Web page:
During my time in India, I was fortunate to visit 5 of the 29 states: Karnataka, Kerala, Tamil Nadu, Delhi, and Uttar Pradesh. I visited schools in three of those states: Karnataka, Kerala, and Delhi and while in the schools I was struck by the variety of languages being taught in schools. There are 122 major languages in India and the country has 22 'scheduled' languages. (A scheduled language is one that is recognized, given official status, and encouraged by the government.) The official government languages are Hindi and English. What this all means for Indian schools is that many students are learning three languages all the way through both primary and secondary school. In Bangalore, students were learning Kannada, the local language, plus English and Hindi. In Malapurram at my host school, the students were learning Malayalam, the local language, as well as English and Hindi.
I've written earlier about my host school, the Kendriya Vidyalaya school in Malapurram and their commitment to global education. It should be no surprise then that their language instruction is another marker of how their students are being prepared to be global citizens. All students at KV Malapurram study Malayalam, Hindi, and English. In fact, the whole school morning assembly alternates between the three languages. So for example, the Monday assembly was in English, on Tuesday it was in Malayalam, Wednesday was in Hindi, and Thursday it was back to English. This means the pledge is recited in three different languages, and announcements are made in three languages depending on the day. KV Malapurram recognizes the benefits of multi-lingualism and realizes that learning another language will help students as this world grows ever more interconnected. It is important to note, however, that KV Malapurram is not exceptional in this regard. We visited a public primary school (pictured above) that was predominantly attended by lower class students. Some students did not have shoes, and during our visit, the school had no power so classes were being taught in murky darkness. Technology at the school seemed to consist of one overhead projector, obviously not working that day due to the lack of power. However, students were nonetheless learning Malayalam, Hindi, and English. (There was also an Urdu language class.) Language instruction in India seems to be considered part of the core curriculum and thus mandatory at all levels and not subject to budget cuts.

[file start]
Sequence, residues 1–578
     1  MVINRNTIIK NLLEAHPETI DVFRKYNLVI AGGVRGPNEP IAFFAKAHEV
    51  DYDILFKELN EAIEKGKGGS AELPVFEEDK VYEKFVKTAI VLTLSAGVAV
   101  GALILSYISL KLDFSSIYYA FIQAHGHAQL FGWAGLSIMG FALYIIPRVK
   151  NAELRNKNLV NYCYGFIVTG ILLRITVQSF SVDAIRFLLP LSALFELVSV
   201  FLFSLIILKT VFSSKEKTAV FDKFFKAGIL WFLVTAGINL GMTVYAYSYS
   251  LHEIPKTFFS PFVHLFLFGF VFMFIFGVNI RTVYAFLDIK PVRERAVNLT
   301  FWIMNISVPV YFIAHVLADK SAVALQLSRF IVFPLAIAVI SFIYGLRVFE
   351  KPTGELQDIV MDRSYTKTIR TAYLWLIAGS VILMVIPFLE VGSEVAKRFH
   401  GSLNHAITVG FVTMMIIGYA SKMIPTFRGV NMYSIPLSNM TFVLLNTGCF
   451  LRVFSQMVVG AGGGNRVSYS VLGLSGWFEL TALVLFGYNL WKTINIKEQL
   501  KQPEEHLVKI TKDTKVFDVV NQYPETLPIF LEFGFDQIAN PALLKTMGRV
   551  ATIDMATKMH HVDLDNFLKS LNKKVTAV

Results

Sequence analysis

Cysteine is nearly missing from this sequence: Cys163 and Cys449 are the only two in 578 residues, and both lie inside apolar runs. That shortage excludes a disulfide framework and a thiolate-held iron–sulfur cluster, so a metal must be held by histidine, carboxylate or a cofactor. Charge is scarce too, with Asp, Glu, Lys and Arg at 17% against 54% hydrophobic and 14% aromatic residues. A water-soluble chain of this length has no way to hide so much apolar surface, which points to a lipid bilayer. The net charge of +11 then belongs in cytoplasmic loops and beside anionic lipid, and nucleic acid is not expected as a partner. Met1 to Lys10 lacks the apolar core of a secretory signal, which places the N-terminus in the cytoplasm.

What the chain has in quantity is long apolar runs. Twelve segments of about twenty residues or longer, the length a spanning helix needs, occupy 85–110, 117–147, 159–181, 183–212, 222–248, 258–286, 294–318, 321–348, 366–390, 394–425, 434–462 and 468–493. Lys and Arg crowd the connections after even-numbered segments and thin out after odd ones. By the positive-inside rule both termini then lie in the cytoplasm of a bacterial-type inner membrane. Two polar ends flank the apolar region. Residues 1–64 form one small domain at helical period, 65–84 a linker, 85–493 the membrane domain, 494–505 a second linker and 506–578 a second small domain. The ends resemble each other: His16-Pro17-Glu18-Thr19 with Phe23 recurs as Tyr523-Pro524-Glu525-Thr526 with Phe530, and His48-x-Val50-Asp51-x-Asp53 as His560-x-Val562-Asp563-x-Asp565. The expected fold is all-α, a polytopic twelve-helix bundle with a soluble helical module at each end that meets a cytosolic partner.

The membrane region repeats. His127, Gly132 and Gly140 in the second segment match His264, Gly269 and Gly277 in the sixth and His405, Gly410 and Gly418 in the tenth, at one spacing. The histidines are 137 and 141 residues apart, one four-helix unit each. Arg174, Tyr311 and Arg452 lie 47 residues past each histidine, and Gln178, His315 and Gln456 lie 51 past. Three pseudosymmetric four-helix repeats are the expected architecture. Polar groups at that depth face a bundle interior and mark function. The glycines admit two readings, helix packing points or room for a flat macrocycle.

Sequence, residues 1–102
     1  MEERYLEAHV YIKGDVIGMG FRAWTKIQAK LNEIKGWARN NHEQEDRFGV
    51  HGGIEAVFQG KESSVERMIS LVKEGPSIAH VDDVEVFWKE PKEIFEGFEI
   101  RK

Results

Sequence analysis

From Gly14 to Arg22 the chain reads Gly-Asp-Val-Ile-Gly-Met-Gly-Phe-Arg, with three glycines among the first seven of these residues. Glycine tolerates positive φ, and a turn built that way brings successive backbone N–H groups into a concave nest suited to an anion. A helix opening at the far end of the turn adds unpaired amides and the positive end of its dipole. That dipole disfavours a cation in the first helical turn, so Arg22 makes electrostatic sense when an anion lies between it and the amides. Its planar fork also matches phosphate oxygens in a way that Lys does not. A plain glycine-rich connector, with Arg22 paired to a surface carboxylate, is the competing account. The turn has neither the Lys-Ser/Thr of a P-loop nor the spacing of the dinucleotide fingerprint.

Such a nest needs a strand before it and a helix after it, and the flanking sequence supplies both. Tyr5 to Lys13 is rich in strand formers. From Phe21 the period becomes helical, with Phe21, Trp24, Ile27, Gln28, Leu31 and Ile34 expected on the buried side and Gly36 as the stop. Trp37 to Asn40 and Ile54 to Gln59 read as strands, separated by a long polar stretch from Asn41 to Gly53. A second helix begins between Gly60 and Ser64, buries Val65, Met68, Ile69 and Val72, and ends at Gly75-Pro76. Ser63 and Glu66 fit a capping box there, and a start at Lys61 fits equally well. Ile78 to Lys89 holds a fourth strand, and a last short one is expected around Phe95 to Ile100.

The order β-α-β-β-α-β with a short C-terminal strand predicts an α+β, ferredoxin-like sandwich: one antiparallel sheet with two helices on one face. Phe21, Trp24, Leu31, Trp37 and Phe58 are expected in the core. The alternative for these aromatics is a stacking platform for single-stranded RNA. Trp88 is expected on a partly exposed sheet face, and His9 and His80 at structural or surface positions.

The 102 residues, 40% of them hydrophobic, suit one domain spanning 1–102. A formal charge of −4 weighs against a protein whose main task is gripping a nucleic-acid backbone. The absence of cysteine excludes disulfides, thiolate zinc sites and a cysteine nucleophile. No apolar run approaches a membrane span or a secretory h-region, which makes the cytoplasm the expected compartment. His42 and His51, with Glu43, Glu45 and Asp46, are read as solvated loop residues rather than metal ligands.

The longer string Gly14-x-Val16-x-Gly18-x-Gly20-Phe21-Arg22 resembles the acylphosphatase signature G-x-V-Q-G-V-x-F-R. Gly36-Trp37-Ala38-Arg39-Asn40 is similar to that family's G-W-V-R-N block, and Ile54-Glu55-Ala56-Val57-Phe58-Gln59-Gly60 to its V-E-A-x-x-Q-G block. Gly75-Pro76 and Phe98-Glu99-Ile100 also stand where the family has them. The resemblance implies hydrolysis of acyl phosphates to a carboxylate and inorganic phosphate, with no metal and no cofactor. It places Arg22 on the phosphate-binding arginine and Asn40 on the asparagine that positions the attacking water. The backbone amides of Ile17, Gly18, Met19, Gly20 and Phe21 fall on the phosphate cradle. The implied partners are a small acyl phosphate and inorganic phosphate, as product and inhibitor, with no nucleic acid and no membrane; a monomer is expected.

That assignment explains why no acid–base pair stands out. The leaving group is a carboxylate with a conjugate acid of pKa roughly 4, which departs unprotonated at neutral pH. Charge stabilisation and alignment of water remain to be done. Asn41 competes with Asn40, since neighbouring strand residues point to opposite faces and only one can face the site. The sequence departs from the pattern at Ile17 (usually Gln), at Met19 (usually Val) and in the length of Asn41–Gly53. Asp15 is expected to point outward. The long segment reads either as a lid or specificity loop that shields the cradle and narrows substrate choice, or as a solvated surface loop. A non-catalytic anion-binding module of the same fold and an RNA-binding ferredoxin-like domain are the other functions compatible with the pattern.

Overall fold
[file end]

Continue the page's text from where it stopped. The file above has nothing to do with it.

Unfortunately, this level of language instruction does not exist in the United States. Only 25% of U.S. elementary schools and 58% of middle schools offer foreign language instruction. In total, only around 20% of Americans report speaking a second language. Clearly, the United States is behind India (and much of the rest of the world) when it comes to language acquisition. As the world grows smaller and the United States becomes more closely tied to the rest of the world, clear communication is essential for understanding, problem solving, and conflict avoidance. However, communication is easier with multiple languages to express yourself and that is something not many U.S. citizens are able to do.